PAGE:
The house sale scheme in Northern Ireland will also end in August 2022 for housing association tenants, as stipulated in the Housing (Amendment) Act (Northern Ireland) 2020. Tenants of the Northern Ireland Housing Executive are not affected and will still be able to access the Housing Executive’s right to buy scheme.

Changes made after 1997 reduced the incentive to purchase. Right to buy discounts in England were reduced in February 1999 to between £22,000 and £38,000 depending on the region. Discounts were reduced again in 2003 to a maximum of £16,000 except in the most expensive areas of London and the southeast where they remained at £38,000. The qualifying period was increased from two to five years in the Housing Act 2004. This act also introduced an obligation for those wishing to sell their home within 10 years of purchase to offer the property at market value to the former landlord or successor organisation.

1.4 Coalition government and increased discounts

The Conservative-Liberal Democrat coalition government made further changes to the scheme to re-incentivise purchase:

1.5 Right to buy and housing associations

The Conservative Party’s 2015 general election manifesto included a commitment to extend right to buy to housing association tenants. This was in addition to the existing ‘right to acquire scheme’ for housing association tenants, which had been introduced in 1996. The right to acquire scheme is less generous than the scheme for those in homes owned by local authorities. The extension of right to buy to housing association tenants was initially implemented on a voluntary basis following agreement between the National Housing Federation (NHF) and the government. The agreement maintained the independence of housing associations, allowing them to refuse sale in certain circumstances.

The extended right to buy was initially piloted by five housing associations. In August 2018, a larger-scale regional pilot was launched in the midlands, with those wishing to purchase having to register online before 16 September 2018.

In a speech on 9 June 2022, Prime Minister Boris Johnson announced an extension of ‘right to buy’ to housing association tenants. This included a pledge to build a new social home for every property sold.

2. How many houses were sold under right to buy and were they replaced?

2.1 Housing sales

Sales of local authority housing prior to the Housing Act 1980 were relatively limited. Between 1957 and 1960, 16,000 council houses were sold in England. The 1980 act led to a surge in sales. Over 100,000 properties were sold for each of the first three full financial years following the passing of the act. A review published in the Journal of Housing Economics suggested high initial sales were due to pent-up demand from older tenants. These tenants qualified for high discounts from their long tenancies.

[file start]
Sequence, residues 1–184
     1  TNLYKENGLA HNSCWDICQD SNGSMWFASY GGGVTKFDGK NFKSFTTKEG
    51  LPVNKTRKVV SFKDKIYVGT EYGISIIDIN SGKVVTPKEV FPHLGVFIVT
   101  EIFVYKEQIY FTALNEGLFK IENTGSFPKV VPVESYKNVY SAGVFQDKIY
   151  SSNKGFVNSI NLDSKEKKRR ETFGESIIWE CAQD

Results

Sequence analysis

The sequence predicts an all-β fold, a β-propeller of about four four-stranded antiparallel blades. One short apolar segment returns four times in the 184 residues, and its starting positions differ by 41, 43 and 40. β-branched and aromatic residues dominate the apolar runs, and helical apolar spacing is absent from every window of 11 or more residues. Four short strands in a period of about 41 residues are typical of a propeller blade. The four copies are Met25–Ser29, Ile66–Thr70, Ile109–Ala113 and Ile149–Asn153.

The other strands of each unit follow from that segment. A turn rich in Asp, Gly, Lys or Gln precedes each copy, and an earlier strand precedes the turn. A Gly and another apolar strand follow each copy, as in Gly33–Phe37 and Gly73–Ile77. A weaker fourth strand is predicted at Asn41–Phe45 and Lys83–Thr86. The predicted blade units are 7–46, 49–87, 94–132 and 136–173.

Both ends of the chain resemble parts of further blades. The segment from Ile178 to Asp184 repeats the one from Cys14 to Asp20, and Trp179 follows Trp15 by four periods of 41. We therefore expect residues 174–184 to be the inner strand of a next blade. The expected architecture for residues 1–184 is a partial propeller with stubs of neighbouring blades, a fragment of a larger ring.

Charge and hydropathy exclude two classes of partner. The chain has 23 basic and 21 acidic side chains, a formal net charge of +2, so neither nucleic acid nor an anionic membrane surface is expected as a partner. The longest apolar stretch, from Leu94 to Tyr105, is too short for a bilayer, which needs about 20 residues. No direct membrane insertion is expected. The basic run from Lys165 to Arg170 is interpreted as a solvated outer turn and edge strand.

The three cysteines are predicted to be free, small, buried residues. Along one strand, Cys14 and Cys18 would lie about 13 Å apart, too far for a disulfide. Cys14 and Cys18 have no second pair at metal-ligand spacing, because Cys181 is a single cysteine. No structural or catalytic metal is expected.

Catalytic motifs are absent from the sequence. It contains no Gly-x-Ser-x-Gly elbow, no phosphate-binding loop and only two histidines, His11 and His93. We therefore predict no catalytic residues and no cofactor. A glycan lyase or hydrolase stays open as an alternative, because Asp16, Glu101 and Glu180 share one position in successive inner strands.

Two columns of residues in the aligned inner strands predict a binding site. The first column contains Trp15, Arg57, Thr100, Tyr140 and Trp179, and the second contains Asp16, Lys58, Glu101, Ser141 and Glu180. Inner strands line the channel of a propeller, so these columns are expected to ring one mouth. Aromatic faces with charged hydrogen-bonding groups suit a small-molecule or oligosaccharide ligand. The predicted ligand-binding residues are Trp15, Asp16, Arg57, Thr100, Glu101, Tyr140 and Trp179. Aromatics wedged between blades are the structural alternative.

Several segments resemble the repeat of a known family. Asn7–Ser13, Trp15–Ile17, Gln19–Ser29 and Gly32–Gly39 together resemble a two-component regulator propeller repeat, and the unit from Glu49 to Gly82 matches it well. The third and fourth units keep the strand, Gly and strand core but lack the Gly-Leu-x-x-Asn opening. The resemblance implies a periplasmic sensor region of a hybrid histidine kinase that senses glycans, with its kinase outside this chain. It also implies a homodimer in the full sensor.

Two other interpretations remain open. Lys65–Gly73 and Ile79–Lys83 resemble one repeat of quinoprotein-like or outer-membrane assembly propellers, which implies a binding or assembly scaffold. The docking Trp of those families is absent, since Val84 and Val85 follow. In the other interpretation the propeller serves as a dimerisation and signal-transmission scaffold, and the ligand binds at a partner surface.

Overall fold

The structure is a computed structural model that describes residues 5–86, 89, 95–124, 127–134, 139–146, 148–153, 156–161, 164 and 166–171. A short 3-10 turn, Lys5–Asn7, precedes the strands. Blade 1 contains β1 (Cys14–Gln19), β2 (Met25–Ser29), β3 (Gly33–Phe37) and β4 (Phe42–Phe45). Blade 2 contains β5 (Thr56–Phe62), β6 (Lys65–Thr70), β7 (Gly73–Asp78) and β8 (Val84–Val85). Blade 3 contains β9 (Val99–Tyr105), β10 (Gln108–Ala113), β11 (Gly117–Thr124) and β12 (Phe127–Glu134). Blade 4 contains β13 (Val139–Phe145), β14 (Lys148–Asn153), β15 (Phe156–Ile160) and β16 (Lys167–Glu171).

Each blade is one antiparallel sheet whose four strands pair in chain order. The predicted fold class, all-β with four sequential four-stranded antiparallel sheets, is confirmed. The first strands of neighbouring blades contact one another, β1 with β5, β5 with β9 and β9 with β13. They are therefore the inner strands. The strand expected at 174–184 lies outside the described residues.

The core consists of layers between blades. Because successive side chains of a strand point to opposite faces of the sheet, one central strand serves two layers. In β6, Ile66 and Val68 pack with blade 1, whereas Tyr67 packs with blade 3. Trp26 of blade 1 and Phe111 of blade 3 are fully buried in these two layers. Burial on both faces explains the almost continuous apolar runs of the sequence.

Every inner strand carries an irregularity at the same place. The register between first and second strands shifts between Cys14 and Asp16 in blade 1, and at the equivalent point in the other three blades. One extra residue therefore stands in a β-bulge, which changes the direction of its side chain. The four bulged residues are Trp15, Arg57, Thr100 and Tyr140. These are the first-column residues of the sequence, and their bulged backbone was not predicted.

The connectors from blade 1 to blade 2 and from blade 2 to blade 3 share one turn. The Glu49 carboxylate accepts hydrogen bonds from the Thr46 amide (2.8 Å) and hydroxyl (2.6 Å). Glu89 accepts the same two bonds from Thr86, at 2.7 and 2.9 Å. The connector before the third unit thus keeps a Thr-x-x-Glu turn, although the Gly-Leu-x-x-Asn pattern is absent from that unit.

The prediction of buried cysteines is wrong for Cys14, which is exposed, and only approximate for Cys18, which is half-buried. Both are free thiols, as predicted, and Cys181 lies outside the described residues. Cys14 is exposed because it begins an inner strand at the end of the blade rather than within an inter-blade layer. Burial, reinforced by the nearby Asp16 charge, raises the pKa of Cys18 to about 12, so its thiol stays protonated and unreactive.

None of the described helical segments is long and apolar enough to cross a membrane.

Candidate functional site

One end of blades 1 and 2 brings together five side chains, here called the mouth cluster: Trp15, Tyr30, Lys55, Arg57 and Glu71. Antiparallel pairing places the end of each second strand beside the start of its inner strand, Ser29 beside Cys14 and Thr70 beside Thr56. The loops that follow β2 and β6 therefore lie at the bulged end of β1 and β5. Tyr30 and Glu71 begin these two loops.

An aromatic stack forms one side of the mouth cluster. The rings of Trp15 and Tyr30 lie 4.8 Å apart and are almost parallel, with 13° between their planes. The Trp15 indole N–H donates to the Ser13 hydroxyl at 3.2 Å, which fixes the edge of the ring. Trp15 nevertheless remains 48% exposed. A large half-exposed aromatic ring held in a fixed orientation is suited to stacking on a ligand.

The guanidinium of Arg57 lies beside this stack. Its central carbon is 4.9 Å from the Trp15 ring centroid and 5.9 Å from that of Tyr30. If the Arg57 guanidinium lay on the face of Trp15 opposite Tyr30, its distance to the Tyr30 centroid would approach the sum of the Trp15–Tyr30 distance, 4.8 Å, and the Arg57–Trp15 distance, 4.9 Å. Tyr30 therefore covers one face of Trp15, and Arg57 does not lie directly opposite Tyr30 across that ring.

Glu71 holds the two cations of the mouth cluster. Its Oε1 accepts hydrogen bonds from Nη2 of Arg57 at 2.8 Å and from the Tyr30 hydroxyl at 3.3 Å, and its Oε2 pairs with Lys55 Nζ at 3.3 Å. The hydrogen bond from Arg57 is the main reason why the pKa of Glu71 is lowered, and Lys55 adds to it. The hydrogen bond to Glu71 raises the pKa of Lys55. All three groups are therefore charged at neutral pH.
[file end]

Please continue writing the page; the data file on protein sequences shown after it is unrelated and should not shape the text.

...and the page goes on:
The number of sales declined after the first few years. Government figures show that a peak of 167,123 houses were sold in the 1982/83 financial year. Sales fell to between 70,000 and 100,000 a year for the following four financial years, from 1984 to 1988. Sales again increased to over 130,000 a year between 1988 and 1990. The gradual decline in sales was in part due to dissipation of initial demand. Rising unemployment and high interest rates also caused demand to fall away.

Sales fluctuated from the early nineties onwards until the Housing Act 2004. Sales were between 30,000 and 70,000 a year from 1991 to 2005. This declined from the 2004/2005 financial year onward reaching an average of fewer than 4,000 sales per year in the 2008/09 to 2012/13 financial years. Sales increased from 2012 onwards, but numbers have not returned to levels seen prior to the 2007/08 financial year.

Alan Murie, emeritus professor at the University of Birmingham, suggests receipts from sales following the 1980 act were initially greater than the Treasury expected. The Chartered Institute of Housing’s UK housing review 2021 found the Treasury had made £47bn from right to buy receipts since the policy was introduced.

2.2 Local authority construction

The Housing, Town Planning, &c. Act 1919 led to a huge programme of social housing construction. UK local authorities built over 5mn houses between 1949 and 1980. The local authority housing stock grew until 1980 as construction outstripped sales. UK households renting from local authorities peaked in 1980 at over 5mn. The annual investment in local authority housing peaked at £12bn in the 1974/75 financial year, equivalent to £20bn in 2020/21.